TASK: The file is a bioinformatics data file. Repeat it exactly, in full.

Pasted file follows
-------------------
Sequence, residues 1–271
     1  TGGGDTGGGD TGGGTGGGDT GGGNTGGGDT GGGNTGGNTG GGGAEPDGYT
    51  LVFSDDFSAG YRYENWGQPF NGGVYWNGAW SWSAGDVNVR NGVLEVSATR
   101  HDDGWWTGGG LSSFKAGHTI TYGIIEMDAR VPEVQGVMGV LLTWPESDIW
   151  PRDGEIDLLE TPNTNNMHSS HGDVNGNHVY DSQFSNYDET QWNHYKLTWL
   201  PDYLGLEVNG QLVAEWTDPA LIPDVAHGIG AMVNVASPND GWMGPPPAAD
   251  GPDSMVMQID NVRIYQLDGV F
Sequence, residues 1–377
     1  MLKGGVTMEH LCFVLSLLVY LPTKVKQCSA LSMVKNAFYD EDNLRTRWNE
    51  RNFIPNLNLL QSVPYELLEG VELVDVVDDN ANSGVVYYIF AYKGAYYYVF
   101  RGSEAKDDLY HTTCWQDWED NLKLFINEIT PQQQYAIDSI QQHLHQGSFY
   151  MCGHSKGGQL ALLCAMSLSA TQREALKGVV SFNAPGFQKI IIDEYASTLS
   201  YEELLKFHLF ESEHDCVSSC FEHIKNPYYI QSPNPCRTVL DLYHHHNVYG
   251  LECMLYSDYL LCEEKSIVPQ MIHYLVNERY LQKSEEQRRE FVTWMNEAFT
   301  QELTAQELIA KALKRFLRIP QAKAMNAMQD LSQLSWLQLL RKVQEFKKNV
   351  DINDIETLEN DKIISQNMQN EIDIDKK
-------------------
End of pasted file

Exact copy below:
Sequence, residues 1–271
     1  TGGGDTGGGD TGGGTGGGDT GGGNTGGGDT GGGNTGGNTG GGGAEPDGYT
    51  LVFSDDFSAG YRYENWGQPF NGGVYWNGAW SWSAGDVNVR NGVLEVSATR
   101  HDDGWWTGGG LSSFKAGHTI TYGIIEMDAR VPEVQGVMGV LLTWPESDIW
   151  PRDGEIDLLE TPNTNNMHSS HGDVNGNHVY DSQFSNYDET QWNHYKLTWL
   201  PDYLGLEVNG QLVAEWTDPA LIPDVAHGIG AMVNVASPND GWMGPPPAAD
   251  GPDSMVMQID NVRIYQLDGV F
Sequence, residues 1–377
     1  MLKGGVTMEH LCFVLSLLVY LPTKVKQCSA LSMVKNAFYD EDNLRTRWNE
    51  RNFIPNLNLL QSVPYELLEG VELVDVVDDN ANSGVVYYIF AYKGAYYYVF
   101  RGSEAKDDLY HTTCWQDWED NLKLFINEIT PQQQYAIDSI QQHLHQGSFY
   151  MCGHSKGGQL ALLCAMSLSA TQREALKGVV SFNAPGFQKI IIDEYASTLS
   201  YEELLKFHLF ESEHDCVSSC FEHIKNPYYI QSPNPCRTVL DLYHHHNVYG
   251  LECMLYSDYL LCEEKSIVPQ MIHYLVNERY LQKSEEQRRE FVTWMNEAFT
   301  QELTAQELIA KALKRFLRIP QAKAMNAMQD LSQLSWLQLL RKVQEFKKNV
   351  DINDIETLEN DKIISQNMQN EIDIDKK